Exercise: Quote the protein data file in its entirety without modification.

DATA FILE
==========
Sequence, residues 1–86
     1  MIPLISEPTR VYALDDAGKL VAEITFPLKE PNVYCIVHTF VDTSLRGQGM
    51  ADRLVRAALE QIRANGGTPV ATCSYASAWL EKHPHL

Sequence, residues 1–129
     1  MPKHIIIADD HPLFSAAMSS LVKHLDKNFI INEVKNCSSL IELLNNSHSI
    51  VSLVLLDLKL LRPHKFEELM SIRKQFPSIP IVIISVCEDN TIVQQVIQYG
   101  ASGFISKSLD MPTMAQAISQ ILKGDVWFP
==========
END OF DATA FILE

Sequence, residues 1–86
     1  MIPLISEPTR VYALDDAGKL VAEITFPLKE PNVYCIVHTF VDTSLRGQGM
    51  ADRLVRAALE QIRANGGTPV ATCSYASAWL EKHPHL

Sequence, residues 1–129
     1  MPKHIIIADD HPLFSAAMSS LVKHLDKNFI INEVKNCSSL IELLNNSHSI
    51  VSLVLLDLKL LRPHKFEELM SIRKQFPSIP IVIISVCEDN TIVQQVIQYG
   101  ASGFISKSLD MPTMAQAISQ ILKGDVWFP